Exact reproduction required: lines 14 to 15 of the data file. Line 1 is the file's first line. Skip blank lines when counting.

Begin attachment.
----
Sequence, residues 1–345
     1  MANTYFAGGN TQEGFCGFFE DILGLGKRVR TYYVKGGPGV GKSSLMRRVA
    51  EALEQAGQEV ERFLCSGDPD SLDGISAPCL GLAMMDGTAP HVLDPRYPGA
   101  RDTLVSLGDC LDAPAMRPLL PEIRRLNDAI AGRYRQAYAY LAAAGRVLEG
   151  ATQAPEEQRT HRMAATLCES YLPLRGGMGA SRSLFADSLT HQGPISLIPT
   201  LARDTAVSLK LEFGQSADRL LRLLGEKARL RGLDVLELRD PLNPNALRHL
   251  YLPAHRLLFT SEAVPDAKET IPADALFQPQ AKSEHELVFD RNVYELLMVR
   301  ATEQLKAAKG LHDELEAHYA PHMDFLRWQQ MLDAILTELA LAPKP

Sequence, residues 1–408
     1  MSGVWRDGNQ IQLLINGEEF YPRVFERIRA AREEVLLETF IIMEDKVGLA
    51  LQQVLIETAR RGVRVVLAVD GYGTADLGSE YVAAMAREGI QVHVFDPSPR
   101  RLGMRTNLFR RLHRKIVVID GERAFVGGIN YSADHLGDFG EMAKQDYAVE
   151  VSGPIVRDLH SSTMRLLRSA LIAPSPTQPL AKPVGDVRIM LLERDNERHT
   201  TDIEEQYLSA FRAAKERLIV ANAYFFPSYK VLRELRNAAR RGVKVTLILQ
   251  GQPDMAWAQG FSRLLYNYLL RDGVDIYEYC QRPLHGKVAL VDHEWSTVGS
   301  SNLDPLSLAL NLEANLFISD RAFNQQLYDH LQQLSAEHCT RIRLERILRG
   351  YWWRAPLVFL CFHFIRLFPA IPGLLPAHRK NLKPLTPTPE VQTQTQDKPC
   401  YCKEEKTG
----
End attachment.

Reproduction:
   201  TDIEEQYLSA FRAAKERLIV ANAYFFPSYK VLRELRNAAR RGVKVTLILQ
   251  GQPDMAWAQG FSRLLYNYLL RDGVDIYEYC QRPLHGKVAL VDHEWSTVGS